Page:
• Staying elevated after eating.
  • Eating when you’re hungry. If you can’t face breakfast in the morning, but get hungry at dinnertime, plan light snacks for the morning. Then, try to eat more later in the day.
  • Staying hydrated. Drinking water can help manage some side effects, like constipation, but can sometimes make others worse. Take small sips throughout the day to stay hydrated without upsetting your stomach.
  • Eating food at room temperature. Food that’s too hot or cold can be tough on nausea and heartburn. Let food cool off a bit before eating.

4. Reach out for help

It can be difficult for some patients to find that balance between managing their side effects and eating healthy. A dietitian can help sort through your questions and side effects to build a strong and healthy diet.

The dietitians at Winship Cancer Institute help support patients before, during and after treatment by working closely with them to create individualized nutrition plans.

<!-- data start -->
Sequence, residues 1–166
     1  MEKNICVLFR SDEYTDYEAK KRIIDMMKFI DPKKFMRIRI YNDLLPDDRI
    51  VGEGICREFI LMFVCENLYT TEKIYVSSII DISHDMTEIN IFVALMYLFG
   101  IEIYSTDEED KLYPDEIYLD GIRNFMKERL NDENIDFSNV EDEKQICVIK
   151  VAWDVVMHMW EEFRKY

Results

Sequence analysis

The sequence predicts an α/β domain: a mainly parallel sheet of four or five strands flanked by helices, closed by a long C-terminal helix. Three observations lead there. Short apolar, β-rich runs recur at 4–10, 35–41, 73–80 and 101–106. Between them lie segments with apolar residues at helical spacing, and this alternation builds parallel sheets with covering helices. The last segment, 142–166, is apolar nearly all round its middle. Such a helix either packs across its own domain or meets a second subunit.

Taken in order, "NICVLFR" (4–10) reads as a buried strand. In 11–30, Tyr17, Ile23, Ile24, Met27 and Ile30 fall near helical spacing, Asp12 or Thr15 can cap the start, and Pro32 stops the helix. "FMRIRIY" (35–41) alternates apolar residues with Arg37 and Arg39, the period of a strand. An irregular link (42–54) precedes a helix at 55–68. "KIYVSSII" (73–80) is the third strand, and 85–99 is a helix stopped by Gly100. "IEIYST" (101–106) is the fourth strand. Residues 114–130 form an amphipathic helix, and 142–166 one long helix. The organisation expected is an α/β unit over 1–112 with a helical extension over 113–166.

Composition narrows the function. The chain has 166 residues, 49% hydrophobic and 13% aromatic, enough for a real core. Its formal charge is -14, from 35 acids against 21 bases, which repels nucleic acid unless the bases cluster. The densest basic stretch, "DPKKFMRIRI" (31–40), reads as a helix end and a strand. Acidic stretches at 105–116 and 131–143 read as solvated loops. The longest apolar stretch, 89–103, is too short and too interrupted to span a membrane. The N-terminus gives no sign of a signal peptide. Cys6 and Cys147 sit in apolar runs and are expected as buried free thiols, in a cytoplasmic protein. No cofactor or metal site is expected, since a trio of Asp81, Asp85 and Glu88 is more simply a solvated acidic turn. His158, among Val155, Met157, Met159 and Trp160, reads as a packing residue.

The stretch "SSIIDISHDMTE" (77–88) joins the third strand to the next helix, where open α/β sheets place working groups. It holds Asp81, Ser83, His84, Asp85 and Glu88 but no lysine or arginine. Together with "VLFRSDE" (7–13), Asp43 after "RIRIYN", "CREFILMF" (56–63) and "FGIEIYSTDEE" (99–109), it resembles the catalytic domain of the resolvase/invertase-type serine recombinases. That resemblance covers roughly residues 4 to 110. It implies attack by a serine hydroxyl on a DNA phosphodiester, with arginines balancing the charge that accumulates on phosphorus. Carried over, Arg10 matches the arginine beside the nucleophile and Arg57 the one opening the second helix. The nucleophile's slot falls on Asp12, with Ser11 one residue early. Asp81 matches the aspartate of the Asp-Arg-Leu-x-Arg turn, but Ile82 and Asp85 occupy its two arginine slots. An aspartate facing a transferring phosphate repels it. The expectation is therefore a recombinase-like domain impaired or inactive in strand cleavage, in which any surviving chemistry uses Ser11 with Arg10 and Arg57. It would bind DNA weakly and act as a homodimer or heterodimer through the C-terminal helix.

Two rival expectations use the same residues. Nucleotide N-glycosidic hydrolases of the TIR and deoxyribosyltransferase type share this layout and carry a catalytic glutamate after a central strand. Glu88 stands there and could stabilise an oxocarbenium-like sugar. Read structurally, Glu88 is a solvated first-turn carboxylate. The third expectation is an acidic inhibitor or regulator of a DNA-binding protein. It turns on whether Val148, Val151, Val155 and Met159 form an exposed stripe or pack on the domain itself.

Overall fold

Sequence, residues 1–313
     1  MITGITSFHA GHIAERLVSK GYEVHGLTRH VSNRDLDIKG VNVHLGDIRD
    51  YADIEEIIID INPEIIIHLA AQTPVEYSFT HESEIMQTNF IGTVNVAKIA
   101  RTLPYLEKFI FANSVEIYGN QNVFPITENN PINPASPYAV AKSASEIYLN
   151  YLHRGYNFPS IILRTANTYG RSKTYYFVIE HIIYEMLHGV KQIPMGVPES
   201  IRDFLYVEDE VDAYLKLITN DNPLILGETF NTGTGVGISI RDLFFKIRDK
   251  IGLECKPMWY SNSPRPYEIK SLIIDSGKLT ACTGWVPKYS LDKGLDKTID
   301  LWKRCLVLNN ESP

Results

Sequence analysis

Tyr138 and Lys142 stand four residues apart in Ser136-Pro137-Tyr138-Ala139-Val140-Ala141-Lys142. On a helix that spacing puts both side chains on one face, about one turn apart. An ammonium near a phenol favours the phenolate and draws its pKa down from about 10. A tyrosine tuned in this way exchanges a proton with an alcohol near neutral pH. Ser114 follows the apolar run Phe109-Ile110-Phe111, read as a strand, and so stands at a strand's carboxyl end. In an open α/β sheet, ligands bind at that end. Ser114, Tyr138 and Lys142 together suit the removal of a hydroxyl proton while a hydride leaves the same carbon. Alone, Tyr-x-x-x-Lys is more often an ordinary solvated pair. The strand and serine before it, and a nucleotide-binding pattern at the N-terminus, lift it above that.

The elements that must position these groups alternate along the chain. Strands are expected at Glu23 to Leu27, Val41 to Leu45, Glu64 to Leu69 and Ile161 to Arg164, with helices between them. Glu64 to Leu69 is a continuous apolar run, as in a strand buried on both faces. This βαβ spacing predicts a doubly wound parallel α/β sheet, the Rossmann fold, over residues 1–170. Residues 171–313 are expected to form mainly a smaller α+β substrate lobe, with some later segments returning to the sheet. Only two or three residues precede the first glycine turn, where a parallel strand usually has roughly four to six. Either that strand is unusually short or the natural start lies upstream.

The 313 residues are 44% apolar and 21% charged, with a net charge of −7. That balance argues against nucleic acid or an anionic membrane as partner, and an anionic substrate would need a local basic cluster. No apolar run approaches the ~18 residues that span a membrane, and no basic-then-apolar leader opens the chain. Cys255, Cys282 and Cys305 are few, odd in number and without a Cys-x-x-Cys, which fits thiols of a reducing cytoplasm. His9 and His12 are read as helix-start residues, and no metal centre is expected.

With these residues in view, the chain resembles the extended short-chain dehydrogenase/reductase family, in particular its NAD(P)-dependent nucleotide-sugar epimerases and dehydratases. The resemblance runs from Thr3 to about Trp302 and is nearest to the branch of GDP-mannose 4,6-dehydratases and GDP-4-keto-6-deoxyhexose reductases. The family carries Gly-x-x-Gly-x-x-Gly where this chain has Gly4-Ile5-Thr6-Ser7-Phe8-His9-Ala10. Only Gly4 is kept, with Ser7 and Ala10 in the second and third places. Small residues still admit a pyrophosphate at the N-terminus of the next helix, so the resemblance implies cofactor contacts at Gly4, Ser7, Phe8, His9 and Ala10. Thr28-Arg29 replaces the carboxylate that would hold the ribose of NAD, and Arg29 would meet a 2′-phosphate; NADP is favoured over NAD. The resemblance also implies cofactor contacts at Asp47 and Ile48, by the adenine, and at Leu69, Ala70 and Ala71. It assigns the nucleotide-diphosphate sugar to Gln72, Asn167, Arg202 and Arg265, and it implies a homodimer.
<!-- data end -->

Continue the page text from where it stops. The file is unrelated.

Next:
Winship Cancer Institute of Emory University

Winship Cancer Institute of Emory University is the National Cancer Institute (NCI) Comprehensive Cancer Center for Georgia — the highest designation given by the NCI to cancer centers in the nation. Winship offers expertise in cancer research, prevention, detection and treatment with the most advanced therapies. Winship is where you get treatments years before others can. Our expert team coordinates every detail of your visit to meet your individualized treatment plan. Visit emoryhealthcare.org/cancer or call 1-888-WINSHIP for an appointment.

Bite into a Healthy Lifestyle

Eat Healthy with CancerThe Academy of Nutrition and Dietetics recognizes March as National Nutrition Month. This year’s theme, “Bite into a Healthy Lifestyle,” encourages everyone, including individuals undergoing cancer treatment, to adopt plans focused on making informed eating choices and getting daily exercise to improve overall health.